condensate

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con·den·sate

 (kŏn′dən-sāt′, -dĕn-, kən-dĕn′sāt′)
n.
1. The liquid resulting from condensation of a gas, such as a product of distillation or another method of separation.
2. The part of a natural gas mixture that consists of volatile hydrocarbons and can be easily condensed.

[From condensate, condensed, from Latin condēnsātus, past participle of condēnsāre, to condense; see condense.]
American Heritage® Dictionary of the English Language, Fifth Edition. Copyright © 2016 by Houghton Mifflin Harcourt Publishing Company. Published by Houghton Mifflin Harcourt Publishing Company. All rights reserved.

condensate

(kənˈdɛnseɪt)
n
(General Physics) a substance formed by condensation, such as a liquid from a vapour
Collins English Dictionary – Complete and Unabridged, 12th Edition 2014 © HarperCollins Publishers 1991, 1994, 1998, 2000, 2003, 2006, 2007, 2009, 2011, 2014

con•den•sate

(kənˈdɛn seɪt, ˈkɒn dənˌseɪt)

n.
a product of condensation, as a liquid reduced from a gas or vapor.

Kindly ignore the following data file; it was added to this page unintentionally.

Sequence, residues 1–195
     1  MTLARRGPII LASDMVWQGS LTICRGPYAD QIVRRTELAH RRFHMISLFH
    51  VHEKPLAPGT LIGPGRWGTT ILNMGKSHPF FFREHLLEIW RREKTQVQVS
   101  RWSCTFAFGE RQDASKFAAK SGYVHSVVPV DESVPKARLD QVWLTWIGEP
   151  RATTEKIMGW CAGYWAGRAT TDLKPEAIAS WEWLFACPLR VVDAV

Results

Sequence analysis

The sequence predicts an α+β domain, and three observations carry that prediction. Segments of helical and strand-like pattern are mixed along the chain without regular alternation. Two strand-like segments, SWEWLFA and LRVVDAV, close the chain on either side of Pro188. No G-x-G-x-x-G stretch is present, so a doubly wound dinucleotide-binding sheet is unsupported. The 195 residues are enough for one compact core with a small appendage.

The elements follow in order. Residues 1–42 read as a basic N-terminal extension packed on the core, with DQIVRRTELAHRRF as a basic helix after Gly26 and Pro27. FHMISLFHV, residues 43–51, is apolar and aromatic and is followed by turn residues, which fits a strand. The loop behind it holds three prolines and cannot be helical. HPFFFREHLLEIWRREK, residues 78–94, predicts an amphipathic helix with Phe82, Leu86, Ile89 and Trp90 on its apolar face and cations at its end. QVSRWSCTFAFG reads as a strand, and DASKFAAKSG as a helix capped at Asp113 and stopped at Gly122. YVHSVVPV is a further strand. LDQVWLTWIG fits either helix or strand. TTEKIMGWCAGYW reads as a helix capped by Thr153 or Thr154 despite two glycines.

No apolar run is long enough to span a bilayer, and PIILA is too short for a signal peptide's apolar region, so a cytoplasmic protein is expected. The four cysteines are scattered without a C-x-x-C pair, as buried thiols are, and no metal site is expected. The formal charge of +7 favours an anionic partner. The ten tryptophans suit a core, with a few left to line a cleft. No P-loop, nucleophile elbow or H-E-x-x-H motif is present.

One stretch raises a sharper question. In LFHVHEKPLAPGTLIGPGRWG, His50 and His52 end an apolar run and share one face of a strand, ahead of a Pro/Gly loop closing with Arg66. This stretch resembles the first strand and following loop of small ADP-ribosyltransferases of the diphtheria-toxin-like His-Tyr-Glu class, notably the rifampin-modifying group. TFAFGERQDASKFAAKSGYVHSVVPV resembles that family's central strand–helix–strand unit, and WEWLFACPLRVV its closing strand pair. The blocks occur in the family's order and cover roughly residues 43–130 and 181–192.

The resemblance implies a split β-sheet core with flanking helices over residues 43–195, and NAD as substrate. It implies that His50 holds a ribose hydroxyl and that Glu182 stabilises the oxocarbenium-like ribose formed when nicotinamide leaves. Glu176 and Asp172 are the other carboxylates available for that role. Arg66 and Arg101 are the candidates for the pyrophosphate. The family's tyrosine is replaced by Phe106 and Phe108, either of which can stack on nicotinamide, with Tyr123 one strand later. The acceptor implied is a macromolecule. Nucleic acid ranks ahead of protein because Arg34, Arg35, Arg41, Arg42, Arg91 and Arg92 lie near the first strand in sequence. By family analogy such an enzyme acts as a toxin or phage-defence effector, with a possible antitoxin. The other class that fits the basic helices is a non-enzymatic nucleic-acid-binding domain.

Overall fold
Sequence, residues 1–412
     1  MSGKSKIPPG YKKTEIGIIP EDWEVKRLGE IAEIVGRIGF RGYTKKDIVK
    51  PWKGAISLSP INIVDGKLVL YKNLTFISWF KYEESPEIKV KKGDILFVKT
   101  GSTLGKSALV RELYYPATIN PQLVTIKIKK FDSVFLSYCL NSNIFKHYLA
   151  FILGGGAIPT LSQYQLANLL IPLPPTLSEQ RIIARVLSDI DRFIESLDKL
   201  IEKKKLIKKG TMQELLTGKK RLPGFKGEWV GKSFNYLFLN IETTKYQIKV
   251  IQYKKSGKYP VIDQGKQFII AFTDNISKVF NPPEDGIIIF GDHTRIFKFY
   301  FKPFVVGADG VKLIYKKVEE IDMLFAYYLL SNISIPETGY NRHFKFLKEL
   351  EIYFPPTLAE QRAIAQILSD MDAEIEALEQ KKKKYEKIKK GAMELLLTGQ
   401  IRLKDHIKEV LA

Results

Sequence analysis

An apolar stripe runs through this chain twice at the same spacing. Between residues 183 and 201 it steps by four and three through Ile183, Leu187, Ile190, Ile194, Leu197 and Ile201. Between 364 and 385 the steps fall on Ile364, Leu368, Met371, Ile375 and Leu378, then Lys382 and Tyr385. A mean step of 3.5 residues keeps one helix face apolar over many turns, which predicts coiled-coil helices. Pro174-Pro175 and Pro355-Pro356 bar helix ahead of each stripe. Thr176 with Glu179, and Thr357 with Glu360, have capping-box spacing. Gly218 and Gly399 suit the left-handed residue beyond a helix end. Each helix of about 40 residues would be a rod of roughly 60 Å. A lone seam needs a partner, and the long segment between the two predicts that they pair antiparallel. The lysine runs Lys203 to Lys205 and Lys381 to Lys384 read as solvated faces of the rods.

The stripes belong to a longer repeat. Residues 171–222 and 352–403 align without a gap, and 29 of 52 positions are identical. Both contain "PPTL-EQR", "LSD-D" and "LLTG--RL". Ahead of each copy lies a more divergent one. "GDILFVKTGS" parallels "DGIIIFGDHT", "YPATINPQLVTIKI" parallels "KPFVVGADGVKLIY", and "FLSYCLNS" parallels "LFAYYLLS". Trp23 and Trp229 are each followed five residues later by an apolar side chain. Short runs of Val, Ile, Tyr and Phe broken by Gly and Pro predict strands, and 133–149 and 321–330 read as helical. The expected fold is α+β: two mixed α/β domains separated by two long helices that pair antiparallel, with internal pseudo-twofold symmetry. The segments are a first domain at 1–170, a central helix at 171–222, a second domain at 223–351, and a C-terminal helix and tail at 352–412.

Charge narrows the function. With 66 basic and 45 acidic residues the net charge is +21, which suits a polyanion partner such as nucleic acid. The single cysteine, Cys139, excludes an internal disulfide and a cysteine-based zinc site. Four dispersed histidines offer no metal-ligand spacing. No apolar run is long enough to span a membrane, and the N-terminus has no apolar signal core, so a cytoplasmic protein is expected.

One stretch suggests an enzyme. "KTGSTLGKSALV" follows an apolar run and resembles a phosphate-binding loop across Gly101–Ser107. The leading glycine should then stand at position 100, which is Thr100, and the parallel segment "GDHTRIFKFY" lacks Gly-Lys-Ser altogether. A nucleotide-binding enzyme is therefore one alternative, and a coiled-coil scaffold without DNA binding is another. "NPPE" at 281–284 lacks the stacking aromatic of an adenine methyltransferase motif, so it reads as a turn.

[1885–90]
Random House Kernerman Webster's College Dictionary, © 2010 K Dictionaries Ltd. Copyright 2005, 1997, 1991 by Random House, Inc. All rights reserved.
ThesaurusAntonymsRelated WordsSynonymsLegend:
Noun1.condensate - a product of condensation
fresh water, freshwater - water that is not salty
2.condensate - atmospheric moisture that has condensed because of cold
atmospheric phenomenon - a physical phenomenon associated with the atmosphere
sweat - condensation of moisture on a cold surface; "the cold glasses were streaked with sweat"
dew - water that has condensed on a cool surface overnight from water vapor in the air; "in the morning the grass was wet with dew"
Based on WordNet 3.0, Farlex clipart collection. © 2003-2012 Princeton University, Farlex Inc.
Translations
References in periodicals archive ?
Jin, for creating the first fermionic condensate at ultralow temperatures
"The strength of pairing in our fermionic condensate, adjusted for mass and density would correspond to a room temperature superconductor," said Jin.
Regal, and Markus Greiner describe the novel substance, dubbed a fermionic condensate, in the Jan.